An important part of your operations is internal marketing. According to Kincaid, you always have to be selling the COE to people and departments in the organization. Tell them what you can do for them and what they can expect. Use pamphlets, videos, webinars and training to train people in your organization about the importance of analytics and how it can get their department and the organization closer to its goals.


“Project management and software engineering are two sets of processes that we can to that make what we do more robust, more valuable to our customers – and a better experience for them,” said Kincaid.

Requirements gathering, change management and version control make your processes reliable and repeatable and help sell your services. Also give a good estimate of when the project will be done. “Your customers have deadlines that you have to work within so that they will come back to you,” he explained.


To provide the best support, you have to be selective in the projects that you take on. It’s important to be able to work on projects that contribute to the bottom line rather than spending time on EVERYTHING. To be a valuable COE - valuable to the organization - it’s important to measure what you do, so that you can know what types of projects contribute to the bottom line.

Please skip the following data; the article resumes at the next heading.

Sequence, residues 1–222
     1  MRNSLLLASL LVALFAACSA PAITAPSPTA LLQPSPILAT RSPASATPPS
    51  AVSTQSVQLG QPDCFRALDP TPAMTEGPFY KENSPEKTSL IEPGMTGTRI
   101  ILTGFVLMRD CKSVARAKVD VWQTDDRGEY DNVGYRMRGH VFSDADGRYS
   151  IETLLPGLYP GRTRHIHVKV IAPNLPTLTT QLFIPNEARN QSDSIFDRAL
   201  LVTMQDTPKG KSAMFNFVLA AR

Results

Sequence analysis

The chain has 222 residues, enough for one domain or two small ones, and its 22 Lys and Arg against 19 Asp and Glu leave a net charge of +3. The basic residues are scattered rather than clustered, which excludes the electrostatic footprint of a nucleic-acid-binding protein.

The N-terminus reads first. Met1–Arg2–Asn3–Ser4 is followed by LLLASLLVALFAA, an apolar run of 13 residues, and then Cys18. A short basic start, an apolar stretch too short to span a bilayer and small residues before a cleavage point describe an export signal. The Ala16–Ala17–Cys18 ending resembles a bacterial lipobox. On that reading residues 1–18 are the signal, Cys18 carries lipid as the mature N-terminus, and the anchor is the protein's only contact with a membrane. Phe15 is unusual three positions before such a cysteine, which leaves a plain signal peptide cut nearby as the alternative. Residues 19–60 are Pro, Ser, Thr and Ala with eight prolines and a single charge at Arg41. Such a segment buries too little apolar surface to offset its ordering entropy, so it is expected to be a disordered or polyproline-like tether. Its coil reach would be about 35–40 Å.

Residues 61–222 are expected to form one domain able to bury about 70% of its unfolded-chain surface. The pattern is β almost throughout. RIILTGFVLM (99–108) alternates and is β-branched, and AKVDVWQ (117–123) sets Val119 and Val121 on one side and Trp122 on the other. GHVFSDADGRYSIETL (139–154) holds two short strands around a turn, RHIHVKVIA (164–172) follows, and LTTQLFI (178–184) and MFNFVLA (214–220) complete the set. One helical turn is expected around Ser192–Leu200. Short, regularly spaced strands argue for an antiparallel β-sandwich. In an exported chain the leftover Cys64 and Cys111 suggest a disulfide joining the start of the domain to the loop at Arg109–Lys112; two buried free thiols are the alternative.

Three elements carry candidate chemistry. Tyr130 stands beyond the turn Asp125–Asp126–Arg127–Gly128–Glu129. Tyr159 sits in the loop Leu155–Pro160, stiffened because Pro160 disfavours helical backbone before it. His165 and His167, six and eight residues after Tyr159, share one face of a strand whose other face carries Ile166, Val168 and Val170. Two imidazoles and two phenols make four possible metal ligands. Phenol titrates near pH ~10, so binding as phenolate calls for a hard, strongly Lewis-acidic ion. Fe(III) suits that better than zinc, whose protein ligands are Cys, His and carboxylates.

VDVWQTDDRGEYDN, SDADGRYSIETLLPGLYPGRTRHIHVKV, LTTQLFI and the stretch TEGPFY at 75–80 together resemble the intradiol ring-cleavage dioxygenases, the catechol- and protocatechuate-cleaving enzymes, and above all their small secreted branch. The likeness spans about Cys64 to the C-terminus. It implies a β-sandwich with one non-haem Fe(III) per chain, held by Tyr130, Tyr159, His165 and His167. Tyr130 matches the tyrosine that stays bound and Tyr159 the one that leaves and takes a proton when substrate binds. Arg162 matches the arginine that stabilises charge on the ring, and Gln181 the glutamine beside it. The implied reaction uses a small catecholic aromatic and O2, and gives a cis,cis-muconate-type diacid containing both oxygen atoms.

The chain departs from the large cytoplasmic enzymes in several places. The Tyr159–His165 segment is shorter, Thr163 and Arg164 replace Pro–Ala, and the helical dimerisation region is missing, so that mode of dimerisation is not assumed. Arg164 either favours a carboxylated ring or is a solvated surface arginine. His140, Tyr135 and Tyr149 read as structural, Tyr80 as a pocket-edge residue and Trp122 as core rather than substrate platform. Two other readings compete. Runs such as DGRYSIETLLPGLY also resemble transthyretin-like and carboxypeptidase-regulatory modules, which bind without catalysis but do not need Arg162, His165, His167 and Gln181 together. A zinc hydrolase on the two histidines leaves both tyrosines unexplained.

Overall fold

Kincaid said that there may be times that you take on less strategic work. For instance, you might want to introduce your team to departments that might not readily see the possibilities with analytics. An alternative to taking on less strategic may be to give the project to a less mature analyst to build additional skills or build a custom product for manual or repeated projects so that the end-user can be autonomously.

A connected Center

You may not need all of these roles in the beginning, but some roles that Kincaid recommends for your COE include statisticians, database programmers, programmers, application developers, business analysts, project managers, a PR specialist, an IT liaison, and a trainer.

The COE should be centralized – a place where these people are connected. “You might send somebody out to a group – like [the marketing group]for a year - but they are always tied to the center,” said Kincaid. According to Kincard, a decentralized COE makes it more difficult for the organization to grow in analytics development and use.

If you can’t find people, there are a few things that you can do: automate projects that are long manual or less strategic. Use recruiters to search for talent, offer off-site work, hire part-time people or hire contractors.

Reaching the next level

“You have to have the right talent. You have to have the right skills – talent is the key. Bring up talent from inside and give them a centralized structure,” said Kincaid. "Build repeatable processes – this builds the sense that you are reliable.”


Download Kincaid's paper and search for other great papers from NESUG 2012.



About Author

Waynette Tubbs

Editor, Marketing Editorial

Waynette Tubbs is a seasoned technology journalist specializing in interviewing and writing about how leaders leverage advanced and emerging analytical technologies to transform their B2B and B2C organizations. In her current role, she works closely with global marketing organizations to generate content about artificial intelligence (AI), generative AI, intelligent automation, cybersecurity, data management, and marketing automation. Waynette has a master’s degree in journalism and mass communications from UNC Chapel Hill.